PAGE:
Wednesday, December 7, 2011

The Trick to Getting Column Strokes to Be in Front

Yesterday I was working on a table that needed to have red column strokes and white column rows. The column strokes needed to be on top. I thought it would be easy. I went to the Table Options dialog box (or command+Shift+Option+B...similar to the Text Frame Option dialog box, with a couple other modifier keys thrown in.)

The screenshot below shows the dialog box as it was set initially. I thought, "This should be simple. I just nee to change the stroke drawing order." So I then changed the stroke drawing order to Column Strokes in Front.

Row Strokes in Front

But nothing happened. I attempted it several times, but gave up, thinking I could tackle the problem again after a good night's rest. But the next morning, I came back and the problem was still there. Row Strokes were in front, even though I told them not to be.

I thought maybe it a screen issue. For example, sometimes when viewing a page in Acrobat, if the page has a table with all the same stroke weights, sometimes some of the row strokes seem thicker than others. But I've never seen InDesign display stroke weights incorrectly before, so that couldn't be it. I thought maybe by modifying the weight of the column strokes, I could fatten them up enough visually that they would seem like they were in front. Sort of like visual dot gain.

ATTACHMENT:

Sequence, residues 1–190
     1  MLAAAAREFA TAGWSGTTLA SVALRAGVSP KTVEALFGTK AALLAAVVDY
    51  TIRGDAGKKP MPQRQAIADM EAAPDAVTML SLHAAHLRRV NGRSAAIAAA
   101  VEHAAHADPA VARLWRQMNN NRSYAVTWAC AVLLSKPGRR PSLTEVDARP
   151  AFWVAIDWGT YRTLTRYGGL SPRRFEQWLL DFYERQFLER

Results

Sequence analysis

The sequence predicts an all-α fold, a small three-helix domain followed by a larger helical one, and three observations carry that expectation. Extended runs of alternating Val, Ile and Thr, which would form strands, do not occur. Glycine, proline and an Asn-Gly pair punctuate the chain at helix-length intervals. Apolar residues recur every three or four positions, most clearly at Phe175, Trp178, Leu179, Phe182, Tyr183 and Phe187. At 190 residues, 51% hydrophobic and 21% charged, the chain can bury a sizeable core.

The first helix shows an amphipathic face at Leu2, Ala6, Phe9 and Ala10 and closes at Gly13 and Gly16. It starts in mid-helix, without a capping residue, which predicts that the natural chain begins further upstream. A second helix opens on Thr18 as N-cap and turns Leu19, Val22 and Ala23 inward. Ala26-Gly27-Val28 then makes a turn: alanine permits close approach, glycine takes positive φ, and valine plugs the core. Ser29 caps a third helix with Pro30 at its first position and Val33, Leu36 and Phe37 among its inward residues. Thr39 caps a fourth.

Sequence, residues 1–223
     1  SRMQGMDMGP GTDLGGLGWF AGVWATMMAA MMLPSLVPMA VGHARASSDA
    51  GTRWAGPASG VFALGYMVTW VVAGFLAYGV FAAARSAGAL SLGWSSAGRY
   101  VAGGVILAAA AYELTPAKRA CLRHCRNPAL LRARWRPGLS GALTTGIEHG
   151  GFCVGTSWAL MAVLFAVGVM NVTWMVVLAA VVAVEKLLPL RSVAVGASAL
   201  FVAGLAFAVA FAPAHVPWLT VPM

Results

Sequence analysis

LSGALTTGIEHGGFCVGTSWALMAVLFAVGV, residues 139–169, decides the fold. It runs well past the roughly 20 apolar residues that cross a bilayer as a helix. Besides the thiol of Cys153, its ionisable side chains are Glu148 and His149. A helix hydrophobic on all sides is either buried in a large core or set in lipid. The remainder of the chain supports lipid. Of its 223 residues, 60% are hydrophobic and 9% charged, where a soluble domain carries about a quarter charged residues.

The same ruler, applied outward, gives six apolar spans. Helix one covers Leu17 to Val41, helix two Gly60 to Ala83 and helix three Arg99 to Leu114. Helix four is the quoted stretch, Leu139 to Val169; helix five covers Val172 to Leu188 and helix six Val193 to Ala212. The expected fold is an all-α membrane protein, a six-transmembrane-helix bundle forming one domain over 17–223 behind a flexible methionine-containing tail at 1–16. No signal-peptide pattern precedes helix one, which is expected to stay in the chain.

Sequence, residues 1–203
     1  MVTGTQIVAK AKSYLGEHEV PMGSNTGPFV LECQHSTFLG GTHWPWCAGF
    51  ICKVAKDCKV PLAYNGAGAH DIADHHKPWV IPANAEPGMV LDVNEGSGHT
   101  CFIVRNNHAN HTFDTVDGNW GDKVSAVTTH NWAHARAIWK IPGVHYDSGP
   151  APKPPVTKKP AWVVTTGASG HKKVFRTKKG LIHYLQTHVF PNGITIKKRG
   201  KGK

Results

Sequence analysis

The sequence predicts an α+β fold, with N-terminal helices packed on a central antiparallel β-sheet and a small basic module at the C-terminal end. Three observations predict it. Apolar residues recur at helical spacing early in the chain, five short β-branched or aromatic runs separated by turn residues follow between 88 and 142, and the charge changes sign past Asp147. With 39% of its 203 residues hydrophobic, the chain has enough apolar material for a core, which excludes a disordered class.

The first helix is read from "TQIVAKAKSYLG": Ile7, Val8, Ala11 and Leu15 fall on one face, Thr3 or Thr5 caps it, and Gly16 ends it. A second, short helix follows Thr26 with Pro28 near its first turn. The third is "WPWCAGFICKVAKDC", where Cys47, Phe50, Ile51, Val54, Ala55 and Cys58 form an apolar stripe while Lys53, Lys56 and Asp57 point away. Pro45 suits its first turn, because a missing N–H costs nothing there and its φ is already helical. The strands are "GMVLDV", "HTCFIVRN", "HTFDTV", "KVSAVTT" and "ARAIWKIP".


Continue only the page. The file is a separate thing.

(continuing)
Column Strokes should be in front, but they are not!

So I changed the column strokes to 2 pt and they were now magically in front. I changed them back to 1 pt just to see what would happen and they were still magically in front. After a little experimenting, it turns out that InDesign doesn't actually change the drawing order unless you go back and modify the strokes (whichever ones you want on top) again. For example, if you change the settings to be Column Strokes in Front, after exiting the dialog box, you'll need to then go back into the table and modify your column strokes somehow. Change the color, change the stroke weight, whatever you want. But somehow, the act of modifying the column stroke tricks InDesign into doing what you had asked it to do in the first place.

Likewise, if you change your settings to be Row Strokes in Front, you'll then need to go in and somehow edit your row strokes for the setting to actually take effect.

Now column strokes are really in front